This is a big question with an easy answer: the best type of cardiovascular exercise is the kind you enjoy and can stick to. Some ideas:
- brisk walking
- interval running (walking, jogging, sprinting)
- stair stepping
- circuit training (performing resistance exercises with little to no rest in between exercises)
Cardio equipment for the home
While your local gym will likely have different machines for cardio exercise, the gym isn’t everybody’s first choice when it comes to working out. Whether you live in a smaller town where the commute to the gym is a bit too far, whether you want to work out where you can watch your little ones, or whether you just don’t like going to the gym, home cardio equipment can become your best friend.
This NordicTrack treadmill has over 19,000 reviews on Amazon alone, with an average rating of 4.5 stars.
It has a weight limit of 300 pounds, is foldable for easier storage, allows you to create up to 5 profiles for users. The treadmill comes with a year-long membership to iFit, through which you will be able to access trainer-led workouts directly on the treadmill without hiring a trainer or leaving your home. The treadmill provides good cushioning to dampen the impact from running on your joints. One of NordicTrack’s more affordable models, this is a great treadmill to buy and use at home.
Rowing might not be the first option that comes to your mind when you think about cardio machines and workouts, but it is worth your attention! A session on the rowing machine is a full-body workout, working your arms, legs, core, and your cardio in one. It is a relatively low-impact workout compared to running, so it places little stress on your joints.
This rower has a comfortable and functional seat, it accurately tracks workout metrics (total time, 500m time, strokes per minute, total strokes, and calories burned), and it can be stored upright when not in use to save space. At an overall rating of 4.4 stars based on over 2,000 reviews on Amazon alone, this Sunny Health Water Rower is a fantastic option.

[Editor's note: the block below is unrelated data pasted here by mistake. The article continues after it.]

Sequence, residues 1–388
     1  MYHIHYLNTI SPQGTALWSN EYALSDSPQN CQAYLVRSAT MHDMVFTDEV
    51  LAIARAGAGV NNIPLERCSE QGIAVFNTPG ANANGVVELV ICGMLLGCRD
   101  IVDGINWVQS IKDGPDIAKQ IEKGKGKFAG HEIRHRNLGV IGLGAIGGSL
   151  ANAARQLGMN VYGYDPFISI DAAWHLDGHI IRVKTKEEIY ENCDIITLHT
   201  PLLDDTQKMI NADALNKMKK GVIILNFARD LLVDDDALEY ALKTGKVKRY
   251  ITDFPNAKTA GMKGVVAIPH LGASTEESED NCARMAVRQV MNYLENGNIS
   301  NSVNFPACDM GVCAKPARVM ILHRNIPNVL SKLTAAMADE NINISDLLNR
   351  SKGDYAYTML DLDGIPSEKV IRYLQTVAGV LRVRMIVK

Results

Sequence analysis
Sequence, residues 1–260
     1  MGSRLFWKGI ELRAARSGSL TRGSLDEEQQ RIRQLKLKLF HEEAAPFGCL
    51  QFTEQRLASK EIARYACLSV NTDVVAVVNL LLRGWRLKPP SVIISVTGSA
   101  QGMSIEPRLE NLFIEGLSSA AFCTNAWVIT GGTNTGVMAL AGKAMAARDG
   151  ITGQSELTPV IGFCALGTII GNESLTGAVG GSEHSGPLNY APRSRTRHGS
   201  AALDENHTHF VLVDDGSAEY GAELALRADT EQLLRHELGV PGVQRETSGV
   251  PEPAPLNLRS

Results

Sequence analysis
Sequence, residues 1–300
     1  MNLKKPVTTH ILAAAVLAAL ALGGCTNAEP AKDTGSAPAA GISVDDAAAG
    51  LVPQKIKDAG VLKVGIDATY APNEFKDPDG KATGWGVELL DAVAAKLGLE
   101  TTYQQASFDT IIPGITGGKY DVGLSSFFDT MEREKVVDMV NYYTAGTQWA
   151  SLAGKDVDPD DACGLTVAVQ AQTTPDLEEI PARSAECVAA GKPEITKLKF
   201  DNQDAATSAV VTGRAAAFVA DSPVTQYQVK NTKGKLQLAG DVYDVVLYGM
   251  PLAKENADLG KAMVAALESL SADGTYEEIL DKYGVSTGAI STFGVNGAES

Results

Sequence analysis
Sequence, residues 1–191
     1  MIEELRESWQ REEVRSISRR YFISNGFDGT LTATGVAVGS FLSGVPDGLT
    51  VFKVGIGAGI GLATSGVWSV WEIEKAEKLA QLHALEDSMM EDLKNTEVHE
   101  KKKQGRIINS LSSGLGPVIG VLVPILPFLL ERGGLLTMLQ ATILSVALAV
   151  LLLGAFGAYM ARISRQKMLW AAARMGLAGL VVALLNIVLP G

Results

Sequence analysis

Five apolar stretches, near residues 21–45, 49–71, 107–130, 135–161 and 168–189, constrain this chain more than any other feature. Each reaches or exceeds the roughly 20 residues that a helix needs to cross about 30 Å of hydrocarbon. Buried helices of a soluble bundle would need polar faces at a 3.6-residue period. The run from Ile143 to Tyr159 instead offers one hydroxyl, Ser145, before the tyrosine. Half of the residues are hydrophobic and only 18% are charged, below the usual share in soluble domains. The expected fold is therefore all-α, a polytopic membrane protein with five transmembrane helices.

If you’ve ever been to a spin class, you know what loud music, a good workout sequence, and 45 minutes of sweat can do for you. NordicTrack offers the same experience (just dim your living room lights and throw on your favorite music) for your home. Coming with an interactive HD touch screen, this spin bike allows you to choose from numerous live and on-demand fitness workouts. It keeps track of your workout stats and is a guaranteed good workout.
If you are interested in getting a spin bike at a more affordable price, check out this spin bike.
The list of benefits of cardiovascular exercise is long and meaningful. From heart and lung health to mental health, sleep improvement, weight loss, and increased self-confidence, we believe that it’s time to stop neglecting your cardio training and start incorporating aerobic exercise into your routine at least a few days a week. Whether you choose low intensity, steady-state movements such as walks, or higher intensity ones like interval runs, high-intensity rowing, or spin biking, get moving and do your heart and happiness a favor!